Mountain Home, USA, In Descending Order

The United States currently boast nine distinct towns called Mountain Home, and one called Mountainhome, a single word. Stretched from coast-to-coast, from California to North Carolina, this plethora of similarly-named places speaks to the nation’s exoticization of rural life, as if calling a place “Mountain Home” guarantees coziness and security. While I’m sure these places are all lovely, they are not necessarily as quaint as the name suggests: the Texas Mountain Home, for example, was home to a slave labor ranch in the 1980s. Yes, that’s the 1980s…

In any event, here, for the love of trivia, are America’s “Mountain Homes” — and one Mountainhome — in descending order based on elevation above sea level. Not all are that impressive or mountainous: I mean, 8,770 feet is nice, in Wyoming, but what about Arkansas’ version, which stands at just over 800 feet above sea level? Is that a “mountain”?*

  • Mountain Home, Wyoming, 8,770 ft.
  • Mountain Home, Utah: 7,005 ft.
  • Mountain Home, California 3,691 ft.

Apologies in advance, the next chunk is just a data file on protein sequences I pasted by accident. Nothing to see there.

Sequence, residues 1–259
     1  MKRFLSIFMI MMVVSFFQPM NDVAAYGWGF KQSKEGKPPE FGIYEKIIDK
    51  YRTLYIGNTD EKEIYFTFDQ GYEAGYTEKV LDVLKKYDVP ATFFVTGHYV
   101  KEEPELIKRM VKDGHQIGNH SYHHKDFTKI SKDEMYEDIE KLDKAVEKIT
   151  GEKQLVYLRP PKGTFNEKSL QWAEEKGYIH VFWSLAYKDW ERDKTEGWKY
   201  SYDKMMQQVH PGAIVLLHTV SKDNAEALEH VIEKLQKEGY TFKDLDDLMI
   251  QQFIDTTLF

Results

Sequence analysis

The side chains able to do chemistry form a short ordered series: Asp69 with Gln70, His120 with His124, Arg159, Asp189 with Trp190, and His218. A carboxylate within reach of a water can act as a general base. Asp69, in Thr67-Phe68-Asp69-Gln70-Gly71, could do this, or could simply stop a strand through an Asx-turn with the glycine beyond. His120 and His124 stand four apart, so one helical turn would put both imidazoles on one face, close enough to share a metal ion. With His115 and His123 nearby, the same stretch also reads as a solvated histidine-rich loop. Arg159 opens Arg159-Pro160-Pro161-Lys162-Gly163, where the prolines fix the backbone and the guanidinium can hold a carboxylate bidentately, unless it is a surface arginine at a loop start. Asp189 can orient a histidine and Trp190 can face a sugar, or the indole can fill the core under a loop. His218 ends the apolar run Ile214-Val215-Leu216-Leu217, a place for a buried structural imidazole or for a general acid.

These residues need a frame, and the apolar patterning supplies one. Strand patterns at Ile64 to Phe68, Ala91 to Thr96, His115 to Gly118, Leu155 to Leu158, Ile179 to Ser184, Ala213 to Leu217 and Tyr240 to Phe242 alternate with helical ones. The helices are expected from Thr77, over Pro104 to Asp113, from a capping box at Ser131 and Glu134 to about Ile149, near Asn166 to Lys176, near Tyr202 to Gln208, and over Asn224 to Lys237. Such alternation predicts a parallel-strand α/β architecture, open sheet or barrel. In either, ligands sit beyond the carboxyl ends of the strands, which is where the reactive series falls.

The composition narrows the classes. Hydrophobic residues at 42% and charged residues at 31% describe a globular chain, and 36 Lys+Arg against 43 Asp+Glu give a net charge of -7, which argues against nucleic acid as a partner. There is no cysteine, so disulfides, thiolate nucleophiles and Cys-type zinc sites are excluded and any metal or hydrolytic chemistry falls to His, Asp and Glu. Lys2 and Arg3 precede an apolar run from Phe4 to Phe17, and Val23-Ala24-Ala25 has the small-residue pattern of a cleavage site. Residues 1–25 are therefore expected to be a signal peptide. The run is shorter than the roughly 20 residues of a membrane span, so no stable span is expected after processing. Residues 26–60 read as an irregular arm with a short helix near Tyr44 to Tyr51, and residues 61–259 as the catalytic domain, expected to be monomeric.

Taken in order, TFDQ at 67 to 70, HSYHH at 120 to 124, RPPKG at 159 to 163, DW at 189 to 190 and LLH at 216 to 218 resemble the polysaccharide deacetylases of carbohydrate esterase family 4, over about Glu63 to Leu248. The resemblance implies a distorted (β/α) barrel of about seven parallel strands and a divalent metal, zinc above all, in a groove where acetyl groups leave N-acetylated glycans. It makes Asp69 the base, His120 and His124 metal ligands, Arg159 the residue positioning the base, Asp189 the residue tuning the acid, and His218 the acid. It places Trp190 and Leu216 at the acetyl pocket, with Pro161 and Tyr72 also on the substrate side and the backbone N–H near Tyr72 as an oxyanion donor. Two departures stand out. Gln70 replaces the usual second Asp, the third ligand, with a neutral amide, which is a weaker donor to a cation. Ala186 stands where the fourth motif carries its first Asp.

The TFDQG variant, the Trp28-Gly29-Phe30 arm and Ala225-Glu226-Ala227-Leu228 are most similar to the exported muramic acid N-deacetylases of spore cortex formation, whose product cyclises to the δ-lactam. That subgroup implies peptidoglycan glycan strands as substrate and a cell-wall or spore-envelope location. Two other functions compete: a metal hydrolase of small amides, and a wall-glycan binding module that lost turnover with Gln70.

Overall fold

• Mountain Home, Idaho, 3,146 ft.
  • Mountain Home, North Carolina, 2,129 ft.
  • Mountain Home, Texas, 1,909 ft.
  • Mountain Home Tennessee, 1,635 ft.
  • Mountainhome, Pennsylvania, 1,234 ft.
  • Mountain Home, Arkansas, 817 ft.
  • Mountain Home, Alabama, 745 ft.

*(It turns out there’s a bit of debate over this, with some scientists saying a mountain must reach a minimum of 2,000 feet above sea level, but others saying height doesn’t matter: Mount Scott outside Lawton, Oklahoma, stands at just 823 feet.  It’s all in the eye of the beholder. Some see a mole hill, others a mountain.)

American Gentrification, 1832

We hear a lot about gentrification these days, but it’s nothing new. In fact the whole nation’s whole history is one of gentrification*: the movement of white people into “rundown” or “neglected” areas already populated by people of color, and remaking the land in their “civilized image.”**

But this makes it sound instantaneous, when it was actually a whole process. Here’s how it went down, according to someone who was there.

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